Defining “Teacher”

We hear a lot about the changing role of teachers (I’m tiring of the phrases “sage on the stage” and “guide on the side”) but in reality students are still looking at the teachers as authorities. That’s not necessarily a bad thing but unquestionably it’s not all that sustainable considering the possibilities of disruptive education.

Content is Everywhere

So when sites like this emerge it simply highlights the reality that students should never have to settle for  second rate educational content.  If I were teaching Physics, I would be crazy not to invite Walter Lewin into my classroom at some point.  An economics or political science class could utilze the works of Alan Blight.  And while it might be easy to say, textbooks also provide a level of expertise, a well-crafted lecture or better yet a live Q and A with the author is a game changer.

So as I ponder what this should and could l00k like, I think about how that changes my role as a teacher. Again, this is not a new conversation but when you have to live it, it truly changes how you feel about education.   I still love to teach, which can be defined as direct instruction or lecture. There are times when that’s important and the right approach. But I don’t need to feel compelled to prepare a session on web-based storytelling, or podcasting or educational gaming. Others are much better qualified and passionate to teach my students. So while I often brag about being a lazy professor, I’m not all that lazy, just resourceful.

Content isn’t Everything

But again, simple access to great content in a variety of formats is not the only thing we need. Wes Fryer’s review of Bill Gates recent Ted talk addresses this issue:

In his speech, think Bill made a contradictory error in asserting that through access to digital videos of “the best teachers” our students “can have the best teachers.” Simply having access to high-quality video content will not provide our students with the GREAT teachers which Bill Gates correctly asserts our students need and deserve. In addition to good content knowledge, what makes great teachers great is their ability to cultivate relationships with their students. Certainly there are many students who don’t “need” a professional relationship with their teachers or instructors in order to “do well” in academic terms in school. But how about those students in “the lower quartile?” How about those students in alternative educational settings, for whom the “traditional school system” has not worked? Do you think those students simply need access to Academic Earth online? Having more choices about the ways they access content and demonstrate their own mastery IS an important part of differentiated learning, and students at all levels should have those options. Providing great teachers for our students means far more than simply providing access to high quality video lectures, however. It means investing in and supporting teachers who care, understand, and relate to their students so they can encourage, challenge, and support them in their own individualized journeys of learning.

What was formerly seen as nice, but not necessary, must now be first and foremost: teachers who care and relate to students. Teachers who will seek out what specific needs each student has and leads them in the right direction. What great lectures and content can never provide is relationship and caring.  I don’t necessarily define caring and relationship as a seen in the movies, but rather someone who recognizes that their job is to create opportunity for students to not only learn content but pursue and find their passions.  While that may seem like rhetoric, to me it’s become my mantra. I see all my students as desiring to be teachers,  I see all the teachers I work with as teachers desiring to be better.  I realize that may not always be the case, but that’s the premise I begin with.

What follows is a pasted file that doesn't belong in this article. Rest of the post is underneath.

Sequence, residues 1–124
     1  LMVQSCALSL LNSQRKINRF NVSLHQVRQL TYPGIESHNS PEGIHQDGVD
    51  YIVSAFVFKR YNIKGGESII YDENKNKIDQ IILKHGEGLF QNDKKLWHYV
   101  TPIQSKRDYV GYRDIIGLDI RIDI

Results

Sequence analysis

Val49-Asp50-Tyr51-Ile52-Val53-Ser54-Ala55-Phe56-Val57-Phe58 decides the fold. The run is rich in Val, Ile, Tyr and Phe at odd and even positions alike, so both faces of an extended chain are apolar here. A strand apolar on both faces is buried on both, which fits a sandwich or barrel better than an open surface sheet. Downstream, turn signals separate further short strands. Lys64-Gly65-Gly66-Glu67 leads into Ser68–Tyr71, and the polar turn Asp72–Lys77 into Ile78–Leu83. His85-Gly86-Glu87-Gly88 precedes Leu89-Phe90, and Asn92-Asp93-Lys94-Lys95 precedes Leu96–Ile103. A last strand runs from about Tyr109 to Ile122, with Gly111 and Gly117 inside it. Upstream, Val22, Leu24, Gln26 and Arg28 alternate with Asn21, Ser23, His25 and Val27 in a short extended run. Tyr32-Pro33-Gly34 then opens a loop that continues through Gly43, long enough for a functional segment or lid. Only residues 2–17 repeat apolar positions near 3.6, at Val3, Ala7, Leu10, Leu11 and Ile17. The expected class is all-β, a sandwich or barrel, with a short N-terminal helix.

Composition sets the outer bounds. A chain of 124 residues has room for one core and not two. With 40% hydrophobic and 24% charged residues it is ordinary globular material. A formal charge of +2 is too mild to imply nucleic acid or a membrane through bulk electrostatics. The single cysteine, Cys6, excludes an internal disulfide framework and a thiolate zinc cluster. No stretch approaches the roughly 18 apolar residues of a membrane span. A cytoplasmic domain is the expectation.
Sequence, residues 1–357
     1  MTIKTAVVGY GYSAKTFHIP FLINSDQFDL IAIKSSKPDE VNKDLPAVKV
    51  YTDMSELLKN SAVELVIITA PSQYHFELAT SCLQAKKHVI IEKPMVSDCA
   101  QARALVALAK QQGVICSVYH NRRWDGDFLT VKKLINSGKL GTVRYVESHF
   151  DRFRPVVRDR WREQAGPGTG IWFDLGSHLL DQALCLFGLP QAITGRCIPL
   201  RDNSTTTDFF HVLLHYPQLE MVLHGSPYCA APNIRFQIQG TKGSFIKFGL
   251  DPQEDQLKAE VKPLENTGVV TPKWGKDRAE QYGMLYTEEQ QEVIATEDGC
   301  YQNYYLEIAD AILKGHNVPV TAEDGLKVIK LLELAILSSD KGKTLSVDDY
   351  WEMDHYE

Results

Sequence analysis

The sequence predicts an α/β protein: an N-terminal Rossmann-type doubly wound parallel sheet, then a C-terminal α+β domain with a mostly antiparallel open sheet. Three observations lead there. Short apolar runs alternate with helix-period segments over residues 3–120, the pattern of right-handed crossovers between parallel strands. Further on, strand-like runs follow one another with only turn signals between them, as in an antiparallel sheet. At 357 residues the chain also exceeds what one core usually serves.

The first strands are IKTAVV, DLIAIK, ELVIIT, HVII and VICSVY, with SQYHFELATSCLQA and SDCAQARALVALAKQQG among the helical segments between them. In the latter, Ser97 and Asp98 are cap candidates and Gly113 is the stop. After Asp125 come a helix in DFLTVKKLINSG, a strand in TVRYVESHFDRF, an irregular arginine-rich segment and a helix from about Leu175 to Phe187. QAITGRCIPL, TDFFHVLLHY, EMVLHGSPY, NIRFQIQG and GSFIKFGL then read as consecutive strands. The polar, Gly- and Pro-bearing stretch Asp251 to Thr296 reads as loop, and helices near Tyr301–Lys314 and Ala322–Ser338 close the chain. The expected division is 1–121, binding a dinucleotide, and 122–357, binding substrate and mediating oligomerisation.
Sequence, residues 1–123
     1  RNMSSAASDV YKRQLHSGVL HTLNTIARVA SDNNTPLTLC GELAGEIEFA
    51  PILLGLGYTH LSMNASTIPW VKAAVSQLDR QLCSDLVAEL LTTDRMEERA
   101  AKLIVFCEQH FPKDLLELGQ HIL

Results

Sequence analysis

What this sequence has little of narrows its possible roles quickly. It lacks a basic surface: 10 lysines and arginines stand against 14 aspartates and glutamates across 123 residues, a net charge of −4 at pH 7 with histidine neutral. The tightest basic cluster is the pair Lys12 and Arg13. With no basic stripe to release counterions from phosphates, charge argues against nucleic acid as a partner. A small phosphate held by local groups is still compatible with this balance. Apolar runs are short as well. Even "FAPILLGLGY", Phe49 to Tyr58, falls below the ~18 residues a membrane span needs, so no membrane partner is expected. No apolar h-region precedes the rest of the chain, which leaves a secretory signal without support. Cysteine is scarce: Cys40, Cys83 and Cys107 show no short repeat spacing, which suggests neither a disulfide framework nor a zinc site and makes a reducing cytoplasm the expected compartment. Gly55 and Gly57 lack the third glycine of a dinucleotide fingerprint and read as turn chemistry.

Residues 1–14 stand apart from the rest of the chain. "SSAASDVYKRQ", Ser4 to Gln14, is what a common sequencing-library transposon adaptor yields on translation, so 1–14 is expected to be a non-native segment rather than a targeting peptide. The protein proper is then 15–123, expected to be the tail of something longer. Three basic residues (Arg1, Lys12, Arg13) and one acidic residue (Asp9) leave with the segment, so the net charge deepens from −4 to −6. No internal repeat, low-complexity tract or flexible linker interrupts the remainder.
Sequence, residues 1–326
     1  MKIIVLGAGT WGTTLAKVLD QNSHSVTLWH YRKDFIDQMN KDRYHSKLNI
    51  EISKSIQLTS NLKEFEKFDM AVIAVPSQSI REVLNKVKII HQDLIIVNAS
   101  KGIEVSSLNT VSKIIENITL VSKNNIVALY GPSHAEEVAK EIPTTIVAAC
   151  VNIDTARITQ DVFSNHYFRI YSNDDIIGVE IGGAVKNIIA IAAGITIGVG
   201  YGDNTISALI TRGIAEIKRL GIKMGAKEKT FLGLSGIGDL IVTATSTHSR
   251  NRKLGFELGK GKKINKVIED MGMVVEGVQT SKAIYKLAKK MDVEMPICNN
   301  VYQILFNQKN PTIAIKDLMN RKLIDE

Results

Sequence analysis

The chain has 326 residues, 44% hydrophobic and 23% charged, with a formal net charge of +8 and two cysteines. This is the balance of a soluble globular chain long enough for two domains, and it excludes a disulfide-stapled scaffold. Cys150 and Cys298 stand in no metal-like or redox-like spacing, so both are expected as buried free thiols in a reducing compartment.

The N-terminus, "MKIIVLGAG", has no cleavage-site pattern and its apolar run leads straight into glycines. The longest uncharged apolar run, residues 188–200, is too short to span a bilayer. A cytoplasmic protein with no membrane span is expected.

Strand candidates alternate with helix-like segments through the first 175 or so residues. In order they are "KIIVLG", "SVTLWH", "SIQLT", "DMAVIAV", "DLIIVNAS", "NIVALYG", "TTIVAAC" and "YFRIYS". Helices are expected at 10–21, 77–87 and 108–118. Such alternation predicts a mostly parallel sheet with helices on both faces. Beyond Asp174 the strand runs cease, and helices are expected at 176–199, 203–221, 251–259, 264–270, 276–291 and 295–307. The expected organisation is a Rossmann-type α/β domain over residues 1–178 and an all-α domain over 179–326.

What Should I Call Myself?

Clarence’s metaphor of teacher as network administrator gains relevance for me many days. My inbox is full of questions from students and teachers wondering how to do this and where to find that and I regularly lead them to others in their current network as resources.  I’m quite pleased with the ways I’ve been able to find mentors for my students. They will learn so much more from the teachers that I could possibly offer on my own. In addition, I’m the lead in providing feedback, not the only one as I encourage and require my students to provide feedback and critique for each other. Will’s theme about being a learner first has also captured my imagination. “Lead learner” is something that feels right but not sure it depicts exactly how I see myself.

I’ve already admitted I do many things that may not be according to the textbook, but I feel like I’m more comfortable in my role. While some reading this might find it fluffy or inconsequential, it’s important for me to provide a definition and title to what I do. Teacher, brings with it too many perspectives to which I no longer subscribe.  Again, I still “teach” but it has to be more than that. I teach, I lead, I learn, I share, I encourage, I critique, I monitor, I connect, I care, I model.

I’m still looking for a name for what I do. Teacher is okay, but as I redefine what it means to teach, I’d like a different title.

Graph by Jessica Hagy

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  • Tracey